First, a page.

Don’t drink water from the tap!
This is not to say that the hygiene is less in Mexico, but your body is used to different bacteria and so it is always safer to stick to bottled water. If you have an especially sensitive stomach, ask for your drinks without ice cubes and stay away from fresh and raw vegetables for your first days. Your body will get used to Mexican food and water in time, so the first days are the days you should pay particular attention.
Don’t compare everything to your home country
Although the public restrooms in your home country might be cleaner or the public transport more comfortable, you don’t always have to remind people of that. Accept Mexico as the place it is and enjoy the new experiences instead of expecting everything to be exactly like at home.
Don’t flush toilet paper
The sewage system might not be as developed as it is at home, and every toilet will be equipped with a trashcan. It might feel weird initially, but it is common to throw your toilet paper in the bin and not down the toilet. Being responsible for a clogged toilet will be much more embarrassing than learning to throw toilet paper in the trash is difficult.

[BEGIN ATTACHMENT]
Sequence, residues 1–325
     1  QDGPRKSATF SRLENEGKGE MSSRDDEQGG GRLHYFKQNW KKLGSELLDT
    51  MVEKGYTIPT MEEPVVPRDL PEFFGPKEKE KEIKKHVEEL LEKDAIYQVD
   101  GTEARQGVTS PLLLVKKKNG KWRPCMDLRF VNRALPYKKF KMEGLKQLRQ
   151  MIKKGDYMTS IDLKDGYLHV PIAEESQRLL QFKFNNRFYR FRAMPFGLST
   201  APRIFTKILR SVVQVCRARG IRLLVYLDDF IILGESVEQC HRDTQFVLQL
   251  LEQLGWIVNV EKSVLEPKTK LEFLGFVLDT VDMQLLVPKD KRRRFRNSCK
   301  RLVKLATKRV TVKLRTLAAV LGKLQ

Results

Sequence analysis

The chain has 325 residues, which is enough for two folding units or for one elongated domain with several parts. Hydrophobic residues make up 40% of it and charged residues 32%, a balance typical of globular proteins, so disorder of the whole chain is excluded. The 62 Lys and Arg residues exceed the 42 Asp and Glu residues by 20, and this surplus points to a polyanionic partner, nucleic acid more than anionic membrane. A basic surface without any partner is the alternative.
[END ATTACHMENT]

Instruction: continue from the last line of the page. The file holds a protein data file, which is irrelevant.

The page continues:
Don’t forget to take toilet paper with you
The quality of toilets will vary from place to place and depend on how rural the area is. But you’ll have a much more pleasant trip if you remember to carry toilet paper with you. Even if you pay attention to what you eat and drink, you might want to be prepared for an unscheduled and extended visit to a public bathroom.
Don’t bring marigolds as a gift